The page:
The "DX Receiver for the hf bands", by Ovi Florea, Ham Radio, December 1976, Page 10, used a variable injection control at the product detector. I quote from the article, Page 16, "Theory says that, for minimum distortion a product detector requires carrier injection at least 10 times the level of the incoming signal at the input port. What would happen upon lowering the injection level? Decreasing the level caused strong perturbing signals to become unreadable, while weak DX signals were still crystal clear. One helpful finding was that the audio output versus bfo level dropped about 10 db faster for the stronger signal compared to the weak one."
A .01 capacitor is used to couple to the product detector. You can fine tune your BFO injection level a couple of ways:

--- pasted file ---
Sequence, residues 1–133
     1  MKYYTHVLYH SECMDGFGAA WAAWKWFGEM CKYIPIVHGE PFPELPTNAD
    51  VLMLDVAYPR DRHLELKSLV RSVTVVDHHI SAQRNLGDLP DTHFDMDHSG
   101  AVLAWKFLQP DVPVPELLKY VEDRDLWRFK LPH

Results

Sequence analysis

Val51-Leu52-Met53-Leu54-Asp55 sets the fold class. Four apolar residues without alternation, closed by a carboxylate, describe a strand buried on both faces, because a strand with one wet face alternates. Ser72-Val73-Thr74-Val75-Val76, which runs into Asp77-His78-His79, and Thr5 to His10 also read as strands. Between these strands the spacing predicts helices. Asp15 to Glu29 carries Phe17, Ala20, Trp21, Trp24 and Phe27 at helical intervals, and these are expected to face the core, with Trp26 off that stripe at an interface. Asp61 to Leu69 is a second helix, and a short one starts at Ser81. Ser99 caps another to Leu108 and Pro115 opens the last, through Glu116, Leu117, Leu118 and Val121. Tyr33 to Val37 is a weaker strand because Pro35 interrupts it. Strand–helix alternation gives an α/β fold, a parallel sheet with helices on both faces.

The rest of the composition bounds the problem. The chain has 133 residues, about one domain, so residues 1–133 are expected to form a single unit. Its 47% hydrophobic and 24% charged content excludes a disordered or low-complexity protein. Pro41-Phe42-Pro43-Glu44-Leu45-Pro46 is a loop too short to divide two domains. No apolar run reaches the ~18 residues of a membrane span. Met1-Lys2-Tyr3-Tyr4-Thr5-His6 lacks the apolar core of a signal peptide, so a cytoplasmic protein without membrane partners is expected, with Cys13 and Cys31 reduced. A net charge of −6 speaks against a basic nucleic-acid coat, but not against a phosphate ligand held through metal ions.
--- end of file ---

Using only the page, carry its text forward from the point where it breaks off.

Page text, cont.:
The first way is by varying the G2 bias voltage from 6 volts (most gain) to 0 volts (shut off). Replace the 100k resistor from G2 to ground with variable one, and then set the injection level. This variable resistor can be mounted on the front panel of the receiver so the operator can set the level for varying band conditions.
The second is by changing the coupling capacitor to the product detector. A .01 capacitor is the highest injection level, where values in the 10 to 300 pf range will set lower levels.
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